For one of our customers, one of the world’s leading snack producers, AI supports elements of recipe creation, which is a historically complicated task given the dozens of possible ingredients and ways to combine them. By partnering product specialists with AI, the organization can generate higher quality recipes faster. The organization’s system has reduced the number of steps required to develop new product recipes from 150 (on average) to just 15. Now, it can delight customers more quickly with new products and new experiences to keep them connected to the Mark.
In particular, AI does not work in isolation, but rather augments skilled teams, providing guidance and feedback to further improve results. This is a hallmark of successful AI solutions: they are ultimately designed for people and a multidisciplinary team that includes technical and domain expertise, as well as a human approach, to enable organizations to the maximum value.
When thinking about how to get the most out of AI, your AI strategy should also consider the right guardrails.
As solutions become more sophisticated, and become more frequently and deeply embedded in software, products, and daily operations, so does their potential to allow people to make mistakes. A common anti-pattern we see is when humans unintentionally over-rely on a fairly stable AI: think of the developer who doesn’t verify AI-generated code, or the Tesla driver who lulls himself into a false sense of security because the autopilot functions of the car.
There needs to be careful governance parameters around the use of AI to avoid this kind of over-reliance and exposure to risk.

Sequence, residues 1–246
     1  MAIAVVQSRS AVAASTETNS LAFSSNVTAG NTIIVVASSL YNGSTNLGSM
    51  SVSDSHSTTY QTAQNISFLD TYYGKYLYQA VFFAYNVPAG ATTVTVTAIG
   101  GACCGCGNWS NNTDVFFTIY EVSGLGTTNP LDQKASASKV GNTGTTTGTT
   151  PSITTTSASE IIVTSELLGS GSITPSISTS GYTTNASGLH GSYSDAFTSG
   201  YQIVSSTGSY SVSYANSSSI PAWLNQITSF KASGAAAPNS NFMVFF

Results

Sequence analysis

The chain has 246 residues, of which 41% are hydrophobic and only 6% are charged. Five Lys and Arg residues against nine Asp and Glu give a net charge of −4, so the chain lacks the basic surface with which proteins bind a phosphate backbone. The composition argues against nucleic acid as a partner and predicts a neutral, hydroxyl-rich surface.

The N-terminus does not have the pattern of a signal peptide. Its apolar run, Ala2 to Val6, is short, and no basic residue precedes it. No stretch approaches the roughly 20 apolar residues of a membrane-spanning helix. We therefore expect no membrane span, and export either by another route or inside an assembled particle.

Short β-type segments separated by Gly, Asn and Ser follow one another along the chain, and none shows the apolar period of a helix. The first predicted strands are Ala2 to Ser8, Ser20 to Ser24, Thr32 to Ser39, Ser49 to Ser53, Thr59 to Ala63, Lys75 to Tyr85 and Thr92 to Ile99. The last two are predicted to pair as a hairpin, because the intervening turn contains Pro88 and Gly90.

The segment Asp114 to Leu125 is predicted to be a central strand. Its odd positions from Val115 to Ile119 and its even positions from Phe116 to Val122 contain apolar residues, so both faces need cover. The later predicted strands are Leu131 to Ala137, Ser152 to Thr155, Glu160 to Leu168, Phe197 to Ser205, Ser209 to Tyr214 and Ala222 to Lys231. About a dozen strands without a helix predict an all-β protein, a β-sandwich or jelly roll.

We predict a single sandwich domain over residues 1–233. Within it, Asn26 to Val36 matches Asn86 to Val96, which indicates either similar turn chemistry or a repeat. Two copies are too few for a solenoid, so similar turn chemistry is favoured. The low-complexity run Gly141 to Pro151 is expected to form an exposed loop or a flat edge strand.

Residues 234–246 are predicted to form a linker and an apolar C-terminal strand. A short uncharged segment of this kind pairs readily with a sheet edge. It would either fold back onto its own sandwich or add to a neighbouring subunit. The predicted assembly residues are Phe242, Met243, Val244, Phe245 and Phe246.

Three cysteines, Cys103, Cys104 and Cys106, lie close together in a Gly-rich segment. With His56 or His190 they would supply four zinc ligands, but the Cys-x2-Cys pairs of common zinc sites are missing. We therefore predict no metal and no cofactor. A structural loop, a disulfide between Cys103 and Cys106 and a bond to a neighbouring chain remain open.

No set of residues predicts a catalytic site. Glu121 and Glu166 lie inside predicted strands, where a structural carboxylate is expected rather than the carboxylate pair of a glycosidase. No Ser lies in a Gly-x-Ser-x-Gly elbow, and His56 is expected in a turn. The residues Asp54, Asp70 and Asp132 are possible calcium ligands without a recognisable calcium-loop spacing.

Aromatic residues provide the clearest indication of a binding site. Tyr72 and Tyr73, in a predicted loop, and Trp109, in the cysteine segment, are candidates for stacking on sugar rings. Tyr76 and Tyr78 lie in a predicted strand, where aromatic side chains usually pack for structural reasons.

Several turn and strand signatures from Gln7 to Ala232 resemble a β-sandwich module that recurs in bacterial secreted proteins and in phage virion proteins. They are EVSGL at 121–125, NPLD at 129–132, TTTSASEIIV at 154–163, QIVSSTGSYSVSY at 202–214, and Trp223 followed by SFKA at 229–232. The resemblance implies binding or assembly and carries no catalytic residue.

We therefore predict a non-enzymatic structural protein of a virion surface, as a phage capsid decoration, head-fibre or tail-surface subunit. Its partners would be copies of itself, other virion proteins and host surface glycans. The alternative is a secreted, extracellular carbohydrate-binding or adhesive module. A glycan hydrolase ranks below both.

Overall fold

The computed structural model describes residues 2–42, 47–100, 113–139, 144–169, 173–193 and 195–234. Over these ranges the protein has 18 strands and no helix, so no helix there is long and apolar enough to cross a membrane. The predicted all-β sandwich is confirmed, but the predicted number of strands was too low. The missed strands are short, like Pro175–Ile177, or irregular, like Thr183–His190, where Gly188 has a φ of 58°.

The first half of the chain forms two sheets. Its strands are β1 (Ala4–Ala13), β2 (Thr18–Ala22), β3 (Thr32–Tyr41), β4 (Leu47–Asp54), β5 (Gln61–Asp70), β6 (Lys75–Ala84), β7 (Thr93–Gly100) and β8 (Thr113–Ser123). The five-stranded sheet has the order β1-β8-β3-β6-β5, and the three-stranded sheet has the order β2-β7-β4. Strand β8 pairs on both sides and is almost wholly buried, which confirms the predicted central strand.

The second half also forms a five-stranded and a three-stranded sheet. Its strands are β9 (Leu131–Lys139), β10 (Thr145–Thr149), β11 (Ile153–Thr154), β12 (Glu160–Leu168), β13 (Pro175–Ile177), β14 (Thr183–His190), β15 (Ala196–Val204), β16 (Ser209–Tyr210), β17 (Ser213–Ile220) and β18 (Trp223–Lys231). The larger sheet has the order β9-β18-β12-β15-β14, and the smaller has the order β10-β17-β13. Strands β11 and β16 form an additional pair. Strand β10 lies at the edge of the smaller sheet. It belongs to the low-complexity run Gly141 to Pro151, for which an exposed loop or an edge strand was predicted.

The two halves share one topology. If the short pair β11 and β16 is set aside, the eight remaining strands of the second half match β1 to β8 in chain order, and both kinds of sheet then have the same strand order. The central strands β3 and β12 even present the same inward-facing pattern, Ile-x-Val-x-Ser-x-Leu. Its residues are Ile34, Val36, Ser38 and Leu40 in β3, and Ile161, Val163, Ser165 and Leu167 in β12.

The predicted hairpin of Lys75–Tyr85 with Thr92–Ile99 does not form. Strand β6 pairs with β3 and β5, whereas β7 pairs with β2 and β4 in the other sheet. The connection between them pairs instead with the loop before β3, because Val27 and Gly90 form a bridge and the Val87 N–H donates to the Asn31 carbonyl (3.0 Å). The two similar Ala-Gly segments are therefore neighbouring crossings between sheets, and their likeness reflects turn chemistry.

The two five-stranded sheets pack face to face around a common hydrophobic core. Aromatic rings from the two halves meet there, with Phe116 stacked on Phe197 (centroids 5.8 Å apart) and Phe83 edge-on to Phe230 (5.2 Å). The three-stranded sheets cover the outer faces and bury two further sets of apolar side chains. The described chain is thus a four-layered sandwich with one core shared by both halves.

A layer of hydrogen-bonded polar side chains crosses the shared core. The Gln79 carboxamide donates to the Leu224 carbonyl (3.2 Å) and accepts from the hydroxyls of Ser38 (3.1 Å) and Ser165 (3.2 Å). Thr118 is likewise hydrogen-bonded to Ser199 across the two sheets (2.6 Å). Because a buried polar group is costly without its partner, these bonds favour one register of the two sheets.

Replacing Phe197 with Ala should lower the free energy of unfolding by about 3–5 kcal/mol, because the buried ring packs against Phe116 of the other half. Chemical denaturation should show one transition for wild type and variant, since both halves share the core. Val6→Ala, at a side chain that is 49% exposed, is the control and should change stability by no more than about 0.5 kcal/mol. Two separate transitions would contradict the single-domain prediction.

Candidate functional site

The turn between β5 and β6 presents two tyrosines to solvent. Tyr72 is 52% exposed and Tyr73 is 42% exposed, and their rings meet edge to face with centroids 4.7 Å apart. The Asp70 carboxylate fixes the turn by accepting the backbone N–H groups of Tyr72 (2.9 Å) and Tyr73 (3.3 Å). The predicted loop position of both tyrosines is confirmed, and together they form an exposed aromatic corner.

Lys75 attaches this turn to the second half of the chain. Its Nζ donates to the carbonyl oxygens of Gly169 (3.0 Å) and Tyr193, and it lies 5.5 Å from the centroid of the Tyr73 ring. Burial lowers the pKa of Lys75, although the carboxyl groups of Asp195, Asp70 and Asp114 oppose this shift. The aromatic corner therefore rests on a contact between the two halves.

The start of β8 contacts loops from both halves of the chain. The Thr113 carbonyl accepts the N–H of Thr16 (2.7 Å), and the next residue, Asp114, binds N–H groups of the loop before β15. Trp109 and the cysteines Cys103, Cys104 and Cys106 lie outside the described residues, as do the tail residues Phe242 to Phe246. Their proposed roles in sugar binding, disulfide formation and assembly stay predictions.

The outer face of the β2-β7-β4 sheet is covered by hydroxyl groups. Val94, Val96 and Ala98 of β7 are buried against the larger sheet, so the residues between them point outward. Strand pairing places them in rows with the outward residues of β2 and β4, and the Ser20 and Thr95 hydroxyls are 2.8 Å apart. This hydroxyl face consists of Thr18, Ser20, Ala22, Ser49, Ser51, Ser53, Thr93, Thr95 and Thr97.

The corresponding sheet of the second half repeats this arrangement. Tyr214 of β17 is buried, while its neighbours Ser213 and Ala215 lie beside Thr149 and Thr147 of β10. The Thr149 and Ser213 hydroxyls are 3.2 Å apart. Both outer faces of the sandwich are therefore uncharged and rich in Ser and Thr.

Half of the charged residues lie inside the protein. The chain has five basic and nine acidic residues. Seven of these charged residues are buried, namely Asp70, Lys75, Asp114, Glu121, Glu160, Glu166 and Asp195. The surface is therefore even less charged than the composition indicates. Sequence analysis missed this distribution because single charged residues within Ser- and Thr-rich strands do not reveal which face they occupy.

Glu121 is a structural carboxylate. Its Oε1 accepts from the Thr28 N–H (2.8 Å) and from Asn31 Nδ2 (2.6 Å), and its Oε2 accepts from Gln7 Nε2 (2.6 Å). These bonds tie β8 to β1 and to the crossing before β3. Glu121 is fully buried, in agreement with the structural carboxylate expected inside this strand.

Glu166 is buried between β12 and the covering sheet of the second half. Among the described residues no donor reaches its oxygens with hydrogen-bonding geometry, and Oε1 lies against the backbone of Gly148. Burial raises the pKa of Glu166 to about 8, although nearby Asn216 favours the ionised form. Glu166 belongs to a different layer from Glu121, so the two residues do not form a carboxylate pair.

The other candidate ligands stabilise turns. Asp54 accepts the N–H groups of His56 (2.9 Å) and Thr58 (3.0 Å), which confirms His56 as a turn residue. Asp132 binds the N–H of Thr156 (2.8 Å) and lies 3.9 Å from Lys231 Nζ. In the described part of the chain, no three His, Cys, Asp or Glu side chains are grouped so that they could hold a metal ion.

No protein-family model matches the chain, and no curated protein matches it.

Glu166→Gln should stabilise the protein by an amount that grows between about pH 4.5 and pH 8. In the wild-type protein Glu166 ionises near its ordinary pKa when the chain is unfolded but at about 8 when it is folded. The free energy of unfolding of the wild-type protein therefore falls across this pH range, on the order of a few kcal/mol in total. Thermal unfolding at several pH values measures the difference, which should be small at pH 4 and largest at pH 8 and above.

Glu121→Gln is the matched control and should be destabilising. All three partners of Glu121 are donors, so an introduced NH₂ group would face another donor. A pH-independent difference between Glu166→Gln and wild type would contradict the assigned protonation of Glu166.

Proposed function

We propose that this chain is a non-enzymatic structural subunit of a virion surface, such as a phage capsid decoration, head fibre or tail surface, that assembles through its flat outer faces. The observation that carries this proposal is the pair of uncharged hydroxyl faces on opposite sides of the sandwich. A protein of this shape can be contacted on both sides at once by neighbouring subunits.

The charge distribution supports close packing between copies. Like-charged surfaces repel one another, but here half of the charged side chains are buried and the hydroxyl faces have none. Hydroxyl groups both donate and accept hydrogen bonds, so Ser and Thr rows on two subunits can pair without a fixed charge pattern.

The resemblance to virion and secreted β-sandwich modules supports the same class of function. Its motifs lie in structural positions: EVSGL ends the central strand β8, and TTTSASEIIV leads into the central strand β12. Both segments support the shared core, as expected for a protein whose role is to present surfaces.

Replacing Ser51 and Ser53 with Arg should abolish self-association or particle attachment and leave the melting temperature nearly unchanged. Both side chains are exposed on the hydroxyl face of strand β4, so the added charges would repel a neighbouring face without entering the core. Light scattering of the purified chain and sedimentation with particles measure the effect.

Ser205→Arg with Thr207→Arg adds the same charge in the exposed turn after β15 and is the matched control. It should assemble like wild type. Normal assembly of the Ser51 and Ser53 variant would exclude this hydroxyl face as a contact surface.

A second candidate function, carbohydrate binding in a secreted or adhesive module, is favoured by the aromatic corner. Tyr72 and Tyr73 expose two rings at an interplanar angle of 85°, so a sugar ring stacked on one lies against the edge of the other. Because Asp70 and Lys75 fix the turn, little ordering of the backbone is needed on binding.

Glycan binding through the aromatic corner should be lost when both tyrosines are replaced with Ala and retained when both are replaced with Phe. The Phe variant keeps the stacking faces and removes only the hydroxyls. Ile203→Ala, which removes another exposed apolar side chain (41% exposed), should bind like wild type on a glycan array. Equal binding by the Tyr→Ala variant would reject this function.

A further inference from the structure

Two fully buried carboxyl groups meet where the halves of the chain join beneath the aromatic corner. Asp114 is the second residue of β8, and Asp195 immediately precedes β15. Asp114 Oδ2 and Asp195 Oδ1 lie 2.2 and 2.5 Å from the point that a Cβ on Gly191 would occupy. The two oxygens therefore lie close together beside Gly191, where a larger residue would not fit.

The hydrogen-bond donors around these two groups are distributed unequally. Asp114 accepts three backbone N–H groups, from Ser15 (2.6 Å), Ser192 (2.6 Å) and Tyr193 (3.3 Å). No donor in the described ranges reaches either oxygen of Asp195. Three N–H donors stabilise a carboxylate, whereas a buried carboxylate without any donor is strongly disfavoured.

While many of your AI experiments can produce interesting ideas to explore, you need to consider the tools that support them. Some AI solutions aren’t built following the kind of sound engineering practices you’d ask for other business software. Think carefully about which ones you would be confident about deploying to production.
It helps test AI models as you would any other application, and don’t let the rush to market cloud your judgment. AI solutions should be supported by the same principles of continuous delivery that underpin good product development, with progress made through incremental changes that can be easily reversed if they don’t have the desired impact.
You’ll find it helps to be honest about what you consider a “desired” outcome; it may not just be financial metrics that define your success. Depending on the context of your organization, productivity and customer experience may also be important considerations. You can look at other leading indicators, such as your team’s awareness of the potential of AI and their level of comfort in exploring, adopting or deploying AI solutions. These factors can give you confidence that your team is on track to improve lagging indicators of customer experience, productivity and revenue. However you approach it, you’re more likely to succeed if you’ve identified these metrics early on.
Finally, for all the threat AI poses to people’s jobs, or even to humanity in general, you’ll do well to remember that it will be your people who will be using the technology. Think about the human side of change, where you strike a balance between encouraging people to adopt and innovate with AI, while remaining sensitive to the problems it can present. For example, you may want to introduce guidelines to protect intellectual property in models that rely on external sources or privacy, where you may use sensitive customer data. We often find it best to give our people a say in where AI augments their work. They know, better than anyone else, where it can have the most impact.
This content was produced by Thoughtworks. It was not written by the MIT Technology Review editorial team.